Maduro’s “peace dialogue” meetings—regardless of whether they resulted in concessions to the private sector (as radicals claim) or failed to produce concrete agreements (as the opposition insists)—created a climate conducive to the reestablishment of order. An unexpected reward was that it opened up divisions in the enemy camp by pitting the private sector (who agreed to participate in the dialogue) and opposition followers (who were appalled by the disorder) against an intransigent opposition, which included nearly all anti-government leaders. The opposition suddenly found itself deeply divided, demoralized, lacking mobilization capacity, and without any leader representing a unified anti-government bloc.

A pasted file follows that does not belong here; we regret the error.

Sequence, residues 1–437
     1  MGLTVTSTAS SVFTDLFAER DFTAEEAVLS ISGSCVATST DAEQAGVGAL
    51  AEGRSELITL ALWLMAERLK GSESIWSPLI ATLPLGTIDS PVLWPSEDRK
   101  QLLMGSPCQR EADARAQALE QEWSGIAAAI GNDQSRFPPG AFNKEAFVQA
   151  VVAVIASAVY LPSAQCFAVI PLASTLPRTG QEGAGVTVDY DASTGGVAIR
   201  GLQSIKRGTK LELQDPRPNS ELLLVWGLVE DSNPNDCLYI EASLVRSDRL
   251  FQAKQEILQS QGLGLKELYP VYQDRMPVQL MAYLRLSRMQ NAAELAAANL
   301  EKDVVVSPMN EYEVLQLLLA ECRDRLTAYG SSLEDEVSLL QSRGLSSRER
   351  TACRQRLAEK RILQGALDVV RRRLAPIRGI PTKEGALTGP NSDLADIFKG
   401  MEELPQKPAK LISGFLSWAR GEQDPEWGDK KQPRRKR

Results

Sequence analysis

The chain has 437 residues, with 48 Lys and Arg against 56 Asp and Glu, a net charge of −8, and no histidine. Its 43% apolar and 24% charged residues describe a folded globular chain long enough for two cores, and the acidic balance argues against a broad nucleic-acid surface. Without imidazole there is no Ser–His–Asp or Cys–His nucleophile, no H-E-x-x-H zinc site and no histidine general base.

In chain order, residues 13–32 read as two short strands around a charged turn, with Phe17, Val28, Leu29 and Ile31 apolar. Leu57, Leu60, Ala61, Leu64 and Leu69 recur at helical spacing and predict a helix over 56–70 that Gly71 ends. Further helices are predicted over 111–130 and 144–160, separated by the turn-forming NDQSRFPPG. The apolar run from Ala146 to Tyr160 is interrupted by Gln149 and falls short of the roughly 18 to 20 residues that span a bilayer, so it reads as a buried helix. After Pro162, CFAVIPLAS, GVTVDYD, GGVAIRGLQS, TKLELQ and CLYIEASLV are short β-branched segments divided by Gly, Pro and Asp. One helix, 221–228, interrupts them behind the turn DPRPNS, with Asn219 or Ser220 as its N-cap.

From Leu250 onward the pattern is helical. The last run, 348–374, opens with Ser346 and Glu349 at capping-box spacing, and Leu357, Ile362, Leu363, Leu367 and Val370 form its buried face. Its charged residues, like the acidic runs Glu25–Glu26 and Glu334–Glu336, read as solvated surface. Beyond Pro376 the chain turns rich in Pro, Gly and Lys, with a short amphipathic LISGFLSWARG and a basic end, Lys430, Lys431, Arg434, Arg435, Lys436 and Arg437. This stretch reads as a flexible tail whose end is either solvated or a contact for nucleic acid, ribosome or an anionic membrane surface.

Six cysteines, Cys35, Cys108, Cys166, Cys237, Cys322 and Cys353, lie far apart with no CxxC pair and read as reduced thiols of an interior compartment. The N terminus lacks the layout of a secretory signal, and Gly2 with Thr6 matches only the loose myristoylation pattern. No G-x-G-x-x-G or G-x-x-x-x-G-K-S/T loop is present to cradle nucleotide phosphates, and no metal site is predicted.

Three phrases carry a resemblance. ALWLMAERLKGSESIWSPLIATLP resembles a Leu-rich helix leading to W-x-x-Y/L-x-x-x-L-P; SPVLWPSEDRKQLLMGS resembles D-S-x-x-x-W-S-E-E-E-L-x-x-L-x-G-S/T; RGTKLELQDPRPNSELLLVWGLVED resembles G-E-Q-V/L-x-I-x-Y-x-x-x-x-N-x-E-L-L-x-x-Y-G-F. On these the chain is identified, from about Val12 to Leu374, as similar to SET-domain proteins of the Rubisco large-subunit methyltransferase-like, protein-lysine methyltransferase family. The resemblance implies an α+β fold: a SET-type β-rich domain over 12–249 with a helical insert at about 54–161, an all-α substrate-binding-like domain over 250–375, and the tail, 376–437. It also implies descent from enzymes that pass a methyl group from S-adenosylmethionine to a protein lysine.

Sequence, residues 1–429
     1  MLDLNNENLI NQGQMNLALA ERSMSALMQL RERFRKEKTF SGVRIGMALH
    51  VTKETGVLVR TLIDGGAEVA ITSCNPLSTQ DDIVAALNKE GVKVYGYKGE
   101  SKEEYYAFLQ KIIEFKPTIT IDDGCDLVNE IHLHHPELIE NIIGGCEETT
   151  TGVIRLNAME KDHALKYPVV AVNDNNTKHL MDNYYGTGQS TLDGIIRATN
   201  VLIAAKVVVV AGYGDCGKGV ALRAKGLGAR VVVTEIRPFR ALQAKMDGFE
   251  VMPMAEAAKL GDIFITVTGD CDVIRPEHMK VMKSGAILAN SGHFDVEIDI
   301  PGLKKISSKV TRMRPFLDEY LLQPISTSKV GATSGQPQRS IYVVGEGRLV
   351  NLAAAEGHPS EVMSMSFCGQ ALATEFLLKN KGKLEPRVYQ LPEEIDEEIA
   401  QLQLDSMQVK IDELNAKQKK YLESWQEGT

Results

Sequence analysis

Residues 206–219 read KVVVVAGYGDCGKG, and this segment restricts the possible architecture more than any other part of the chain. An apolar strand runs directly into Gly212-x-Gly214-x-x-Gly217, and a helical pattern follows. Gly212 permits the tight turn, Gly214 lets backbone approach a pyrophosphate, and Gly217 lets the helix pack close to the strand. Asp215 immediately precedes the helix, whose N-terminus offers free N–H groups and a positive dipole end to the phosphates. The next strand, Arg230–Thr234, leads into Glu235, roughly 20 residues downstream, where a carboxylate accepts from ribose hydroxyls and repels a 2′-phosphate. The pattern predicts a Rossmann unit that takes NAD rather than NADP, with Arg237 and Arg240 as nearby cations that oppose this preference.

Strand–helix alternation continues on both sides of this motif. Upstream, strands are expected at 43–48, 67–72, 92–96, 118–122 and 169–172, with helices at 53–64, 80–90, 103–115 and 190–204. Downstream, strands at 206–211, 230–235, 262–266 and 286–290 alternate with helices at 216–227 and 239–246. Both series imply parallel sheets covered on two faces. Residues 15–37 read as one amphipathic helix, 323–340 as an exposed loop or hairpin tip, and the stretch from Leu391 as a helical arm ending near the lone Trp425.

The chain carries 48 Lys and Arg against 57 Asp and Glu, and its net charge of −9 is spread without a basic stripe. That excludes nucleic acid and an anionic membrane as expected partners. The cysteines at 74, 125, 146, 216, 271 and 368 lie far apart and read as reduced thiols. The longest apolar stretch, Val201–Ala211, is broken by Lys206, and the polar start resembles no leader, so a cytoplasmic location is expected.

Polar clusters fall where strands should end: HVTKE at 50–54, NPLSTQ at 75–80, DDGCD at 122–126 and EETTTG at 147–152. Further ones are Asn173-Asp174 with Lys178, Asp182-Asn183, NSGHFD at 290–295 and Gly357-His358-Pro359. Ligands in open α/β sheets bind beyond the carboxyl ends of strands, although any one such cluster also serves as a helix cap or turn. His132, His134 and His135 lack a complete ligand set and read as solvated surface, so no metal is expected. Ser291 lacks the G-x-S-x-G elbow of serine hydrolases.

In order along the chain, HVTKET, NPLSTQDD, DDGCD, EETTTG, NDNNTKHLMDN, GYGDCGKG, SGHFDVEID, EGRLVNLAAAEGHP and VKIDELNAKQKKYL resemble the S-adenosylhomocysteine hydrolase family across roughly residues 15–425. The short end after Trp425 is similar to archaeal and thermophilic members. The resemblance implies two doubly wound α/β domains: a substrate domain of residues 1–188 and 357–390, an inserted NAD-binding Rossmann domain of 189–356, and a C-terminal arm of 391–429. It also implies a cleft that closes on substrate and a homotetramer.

Maduro’s efforts to combat price speculation, hoarding, contraband and corruption, in spite of considerable shortcomings, all define his administration as leftist. Underpinning the measures is a definition of private property, first put forward by Chávez, which rejects the rights of property holders as sacred. In his 2001 agrarian reform and the 2005 decision to expropriate idle companies, Chávez made it clear that private enterprises had well-defined obligations to society, which if not fulfilled, would lead to state intervention.
Maduro has reinforced this principle discursively, as well as in legislation and concrete actions. In November 2013, his government began to control hoarding and sharp price increases by slapping commercial establishments with fines, obliging them to reduce prices and in some cases jailing managers. The campaign struck a responsive chord among voters who gave the Chavistas an 11.5% margin in municipal elections the following month.